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Under both federal and California law, the threshold question presented by a petition to compel arbitration is whether there is an agreement to arbitrate. This threshold inquiry stems from the basic premise that arbitration is consensual in nature. The fundamental assumption of arbitration is that it may be invoked as an alternative to the settlement of disputes through the judicial process solely by reason of an exercise of choice by all parties. Thus, notwithstanding the cogency of the policy favoring arbitration and despite frequent judicial utterances that because of that policy every intendment must be indulged in favor of finding an agreement to arbitrate, the policy favoring arbitration cannot displace the necessity for a voluntary agreement to arbitrate. There is indeed a strong policy in favor of enforcing agreements to arbitrate, but there is no policy compelling persons to accept arbitration of controversies which they have not agreed to arbitrate.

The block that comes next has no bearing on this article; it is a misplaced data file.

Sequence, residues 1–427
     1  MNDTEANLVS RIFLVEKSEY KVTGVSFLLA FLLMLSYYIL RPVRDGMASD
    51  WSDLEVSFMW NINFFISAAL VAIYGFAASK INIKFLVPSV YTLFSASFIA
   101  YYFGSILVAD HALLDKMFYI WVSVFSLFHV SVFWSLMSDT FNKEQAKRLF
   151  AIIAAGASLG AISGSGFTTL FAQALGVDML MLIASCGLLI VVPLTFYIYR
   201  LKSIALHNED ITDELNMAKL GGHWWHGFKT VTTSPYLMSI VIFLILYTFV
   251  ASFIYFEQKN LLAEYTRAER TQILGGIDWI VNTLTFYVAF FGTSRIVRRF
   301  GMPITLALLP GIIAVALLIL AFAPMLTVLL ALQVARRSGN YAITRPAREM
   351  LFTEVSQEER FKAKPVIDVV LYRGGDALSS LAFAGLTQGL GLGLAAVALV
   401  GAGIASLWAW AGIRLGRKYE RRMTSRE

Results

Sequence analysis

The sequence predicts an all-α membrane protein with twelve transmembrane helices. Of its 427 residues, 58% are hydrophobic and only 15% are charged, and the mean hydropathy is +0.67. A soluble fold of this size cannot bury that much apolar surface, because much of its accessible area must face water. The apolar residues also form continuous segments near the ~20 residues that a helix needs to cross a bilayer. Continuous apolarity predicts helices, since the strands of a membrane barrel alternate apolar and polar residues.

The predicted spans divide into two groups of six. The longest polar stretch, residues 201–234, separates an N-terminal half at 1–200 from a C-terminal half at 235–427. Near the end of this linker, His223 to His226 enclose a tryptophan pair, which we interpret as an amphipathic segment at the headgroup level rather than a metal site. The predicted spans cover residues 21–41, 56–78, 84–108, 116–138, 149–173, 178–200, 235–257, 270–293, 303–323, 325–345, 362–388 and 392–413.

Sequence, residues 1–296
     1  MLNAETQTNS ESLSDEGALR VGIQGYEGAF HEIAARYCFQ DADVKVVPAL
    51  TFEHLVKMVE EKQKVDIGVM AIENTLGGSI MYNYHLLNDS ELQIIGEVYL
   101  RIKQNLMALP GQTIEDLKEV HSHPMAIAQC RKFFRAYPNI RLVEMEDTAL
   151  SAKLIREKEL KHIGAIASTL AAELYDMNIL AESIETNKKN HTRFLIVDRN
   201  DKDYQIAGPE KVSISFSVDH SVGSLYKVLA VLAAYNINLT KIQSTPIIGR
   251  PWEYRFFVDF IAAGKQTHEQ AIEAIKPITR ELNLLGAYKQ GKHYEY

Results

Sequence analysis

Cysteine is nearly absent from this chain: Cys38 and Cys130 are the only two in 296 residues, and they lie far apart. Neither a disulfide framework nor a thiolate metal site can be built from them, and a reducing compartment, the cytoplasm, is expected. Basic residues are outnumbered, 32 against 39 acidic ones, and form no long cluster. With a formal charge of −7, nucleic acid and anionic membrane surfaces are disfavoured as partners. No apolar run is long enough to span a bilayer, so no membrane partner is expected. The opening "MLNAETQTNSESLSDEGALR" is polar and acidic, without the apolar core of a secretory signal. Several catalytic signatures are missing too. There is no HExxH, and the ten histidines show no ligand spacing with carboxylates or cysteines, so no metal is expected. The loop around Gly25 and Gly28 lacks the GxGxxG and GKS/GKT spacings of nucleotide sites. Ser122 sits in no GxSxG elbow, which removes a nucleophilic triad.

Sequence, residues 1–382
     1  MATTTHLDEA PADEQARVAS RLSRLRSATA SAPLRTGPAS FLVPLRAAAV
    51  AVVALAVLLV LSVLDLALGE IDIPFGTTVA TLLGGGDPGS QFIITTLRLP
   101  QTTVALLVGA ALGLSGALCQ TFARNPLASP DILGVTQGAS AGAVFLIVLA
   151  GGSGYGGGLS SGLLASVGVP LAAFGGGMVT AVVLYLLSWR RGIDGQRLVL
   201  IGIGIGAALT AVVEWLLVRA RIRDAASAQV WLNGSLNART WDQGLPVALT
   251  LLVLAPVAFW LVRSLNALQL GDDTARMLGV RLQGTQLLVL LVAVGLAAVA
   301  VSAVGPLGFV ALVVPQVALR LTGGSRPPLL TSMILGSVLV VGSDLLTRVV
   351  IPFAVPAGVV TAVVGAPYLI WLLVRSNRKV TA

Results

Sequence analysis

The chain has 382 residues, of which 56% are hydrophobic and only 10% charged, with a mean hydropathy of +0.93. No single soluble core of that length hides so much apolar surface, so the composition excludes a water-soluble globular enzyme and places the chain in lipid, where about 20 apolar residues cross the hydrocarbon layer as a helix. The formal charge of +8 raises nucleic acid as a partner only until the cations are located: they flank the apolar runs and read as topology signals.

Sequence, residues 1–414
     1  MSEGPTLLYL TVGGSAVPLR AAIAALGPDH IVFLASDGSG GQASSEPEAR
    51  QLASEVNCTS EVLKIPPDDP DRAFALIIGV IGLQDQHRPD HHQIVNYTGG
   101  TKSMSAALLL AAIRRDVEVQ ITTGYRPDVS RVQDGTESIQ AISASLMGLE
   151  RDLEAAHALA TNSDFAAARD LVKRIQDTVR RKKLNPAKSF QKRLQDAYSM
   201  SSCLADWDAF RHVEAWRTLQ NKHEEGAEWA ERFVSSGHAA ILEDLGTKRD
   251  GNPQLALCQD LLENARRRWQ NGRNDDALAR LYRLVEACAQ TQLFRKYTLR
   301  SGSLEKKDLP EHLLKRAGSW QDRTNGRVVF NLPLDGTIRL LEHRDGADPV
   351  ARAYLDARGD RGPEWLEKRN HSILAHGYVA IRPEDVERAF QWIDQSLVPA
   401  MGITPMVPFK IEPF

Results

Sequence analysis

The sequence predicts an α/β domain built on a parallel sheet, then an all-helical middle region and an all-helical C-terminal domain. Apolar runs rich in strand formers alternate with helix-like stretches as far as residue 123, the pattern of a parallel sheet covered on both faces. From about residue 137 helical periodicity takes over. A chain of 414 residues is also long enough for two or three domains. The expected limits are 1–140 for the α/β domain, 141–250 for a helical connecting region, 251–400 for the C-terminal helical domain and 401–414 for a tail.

Should the petition to compel arbitration be granted?